Alien and Sedition Laws

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Enacted in 1798, the Alien and Sedition Laws were the nation's first legislative acts designed to stifle political dissent in wartime. Congress enacted four laws to discourage domestic criticism and protest of the "Quasi-War" against France. The laws set a precedent for strengthening national and public security at the expense of civil liberties.

The Alien and Sedition Laws sprang from American responses to the French Revolution. On one side, led by Alexander Hamilton and including most of the Federalist Party, were shopkeepers, merchants, and tradesmen who viewed the French Revolution, with its execution of opponents, abolition of many religious laws and practices, and forcible seizure of property from the nobility and aristocracy, as horrifyingly radical. They sympathized more with England than France, maintaining that French aid in the War of American Independence was an act of naked self-interest. Not so, retorted a large number of farmers, small landowners, laborers, and newly arrived European immigrants. Articulated through the emerging Republican Party and the speeches and writings of Thomas Jefferson and James Madison—authors of the Kentucky and Virginia Resolutions that would denounce the Alien and Sedition Laws—they viewed the French as brethren in a global march of democracy against monarchy, class-based privilege, and centuries-old traditions. The French Revolution, as they saw it, continued the American Revolution, and the 1778 treaties between the two nations were morally binding on Americans to support the French.

The controversy over Edmund Genet typified the dispute. Genet, French ambassador to the United States, traveled the United States to raise money for the revolutionaries, sailors for service aboard French privateers, and troops for military expeditions. Genet also criticized George Washington's neutrality policy in harsh tones. Federalists accused him of being a spy and Republicans countered that the Federalists were involved in a conspiracy to ruin Genet.

This was the political climate when John Adams, a Federalist, became president in 1797. By July 1798 the Federalist-controlled Congress, with Adams's support, ordered U.S. naval operations to begin against France. In August Federalists enacted the Alien and Sedition Laws to prevent domestic violence and opposition they believed could result from the Quasi-War.

The program consisted of four laws. First, immigrants would have to wait fourteen years instead of the customary five to become naturalized citizens. Second, the president received powers to deport aliens in peace time. Third, a similar presidential power would be applied to enemy aliens located in the United States during a declared state of war. Adams did not exercise either of these powers, but several French officials fled for fear of deportation. Fourth, and most significantly, stiff fines and jail time awaited a person found guilty of writing, speaking, or publishing "false, scandalous, and malicious" content about the president or either house of Congress, or causing the American people to despise the federal government. This law produced federal prosecutions of seventeen writers, editors, and publishers. Only one of the accused was found not guilty. The laws expired with the defeat of Adams in the 1800 election. Adams's successor, Thomas Jefferson, pardoned all who had been punished under the controversial program.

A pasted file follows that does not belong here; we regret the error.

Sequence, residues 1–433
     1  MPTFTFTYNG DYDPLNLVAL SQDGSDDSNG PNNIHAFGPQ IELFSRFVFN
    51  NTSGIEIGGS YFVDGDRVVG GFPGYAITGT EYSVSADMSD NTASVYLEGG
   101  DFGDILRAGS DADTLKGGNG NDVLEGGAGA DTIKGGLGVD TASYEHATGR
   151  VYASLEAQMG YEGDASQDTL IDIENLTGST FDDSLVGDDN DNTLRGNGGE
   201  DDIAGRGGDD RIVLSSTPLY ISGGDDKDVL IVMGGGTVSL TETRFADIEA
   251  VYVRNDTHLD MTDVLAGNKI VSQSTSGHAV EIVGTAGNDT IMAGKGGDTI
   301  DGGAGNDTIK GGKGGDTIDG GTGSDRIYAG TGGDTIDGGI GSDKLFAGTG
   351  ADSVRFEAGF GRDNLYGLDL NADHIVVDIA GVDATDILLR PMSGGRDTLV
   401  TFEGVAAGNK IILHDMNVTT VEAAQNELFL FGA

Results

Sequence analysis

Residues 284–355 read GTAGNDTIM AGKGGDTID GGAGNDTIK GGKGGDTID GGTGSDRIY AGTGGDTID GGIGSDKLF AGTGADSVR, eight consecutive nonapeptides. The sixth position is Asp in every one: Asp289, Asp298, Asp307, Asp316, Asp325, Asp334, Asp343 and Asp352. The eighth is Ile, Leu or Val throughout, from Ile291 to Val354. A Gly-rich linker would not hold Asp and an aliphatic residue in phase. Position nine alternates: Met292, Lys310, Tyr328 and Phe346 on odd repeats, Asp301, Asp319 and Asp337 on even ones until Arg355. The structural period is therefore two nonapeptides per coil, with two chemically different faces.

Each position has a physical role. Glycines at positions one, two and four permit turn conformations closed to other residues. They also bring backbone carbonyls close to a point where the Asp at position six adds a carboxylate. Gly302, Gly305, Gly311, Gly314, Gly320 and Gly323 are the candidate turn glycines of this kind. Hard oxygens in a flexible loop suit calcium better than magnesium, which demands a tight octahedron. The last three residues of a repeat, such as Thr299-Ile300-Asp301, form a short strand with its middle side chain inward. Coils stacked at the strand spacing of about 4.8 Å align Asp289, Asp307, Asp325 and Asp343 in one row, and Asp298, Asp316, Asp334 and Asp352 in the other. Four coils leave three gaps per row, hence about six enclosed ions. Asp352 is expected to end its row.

The Alien and Sedition Laws illustrated the effect of public fear in wartime or, in the case of the late 1790s, "quasi-wartime." Federalists imagined Republicans would aid French infiltrators and saboteurs. Depictions of guillotines severing the heads of French citizens intensified the fears of people who recalled Genet's efforts only a few years before. What would stop more Genets from organizing cells to kill Federalists or launch slave revolts? In Federalist eyes, behind every Republican stood a potential French agent, and behind every immigrant stood a potential Republican voter. Federalists calmed themselves by crafting the Alien and Sedition Laws to strengthen internal security and weaken the opposing political party that appeared to foment domestic discord.

More fundamentally, these laws revealed a belief that an open, self-governing society is vulnerable in wartime to domestic attacks from its enemies, regardless of how distant they might be. The existence of peacetime liberties and freedoms, the argument went, must be reduced during periods of armed conflict or the openness that Americans cherish will be turned against them. The laws further showed an inherent tension in the life of the early republic between political disagreements—the signs of a healthy public discourse—and the waging of war. Republicans in the late 1790s maintained that Federalists wanted to control the levers of power and crush organized political opposition in the name of fighting a war.

The Federalists used the Alien and Sedition Laws to wage the Quasi-War of 1798 at home. The laws epitomized the divisive effects of the French Revolution among Americans in the 1790s, and foreshadowed tensions over civil liberties and war that characterized American life in succeeding generations.


Miller, John Chester. Crisis in Freedom: The Alien and Sedition Acts. New York: Little Brown, 1951.

Smith, James Morton. Freedom's Fetters: The Alien and Sedition Laws and American Civil Liberties. Ithaca, NY: Cornell University Press, 1966.

Daniel T. Miller

See also:Civil Liberties: Kentucky and Virginia Resolutions; Federalist Party; Jeffersonian Republican Party.

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Alien and Sedition Laws

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